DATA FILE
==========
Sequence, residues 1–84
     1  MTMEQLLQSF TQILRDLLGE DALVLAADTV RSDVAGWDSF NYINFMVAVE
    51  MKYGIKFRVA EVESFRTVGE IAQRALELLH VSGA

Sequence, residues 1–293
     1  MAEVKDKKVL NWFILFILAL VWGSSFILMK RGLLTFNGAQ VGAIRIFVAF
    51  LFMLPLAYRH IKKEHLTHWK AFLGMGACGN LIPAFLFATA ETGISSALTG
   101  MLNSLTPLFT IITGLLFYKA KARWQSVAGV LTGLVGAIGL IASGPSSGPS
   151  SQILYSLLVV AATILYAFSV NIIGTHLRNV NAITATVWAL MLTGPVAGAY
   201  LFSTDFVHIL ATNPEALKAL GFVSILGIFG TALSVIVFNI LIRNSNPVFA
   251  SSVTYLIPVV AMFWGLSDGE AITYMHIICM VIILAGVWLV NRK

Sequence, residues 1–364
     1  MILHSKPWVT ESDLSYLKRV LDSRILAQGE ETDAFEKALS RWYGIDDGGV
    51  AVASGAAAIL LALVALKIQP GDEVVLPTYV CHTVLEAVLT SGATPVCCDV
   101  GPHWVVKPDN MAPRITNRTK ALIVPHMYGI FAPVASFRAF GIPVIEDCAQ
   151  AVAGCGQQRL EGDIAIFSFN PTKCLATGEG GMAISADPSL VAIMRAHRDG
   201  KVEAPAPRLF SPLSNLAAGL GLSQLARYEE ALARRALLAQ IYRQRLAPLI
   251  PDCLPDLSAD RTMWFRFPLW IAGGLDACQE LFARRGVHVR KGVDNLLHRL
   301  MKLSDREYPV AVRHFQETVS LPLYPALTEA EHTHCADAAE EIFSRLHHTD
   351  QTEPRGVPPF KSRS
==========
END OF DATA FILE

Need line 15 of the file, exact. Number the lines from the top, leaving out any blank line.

   151  AVAGCGQQRL EGDIAIFSFN PTKCLATGEG GMAISADPSL VAIMRAHRDG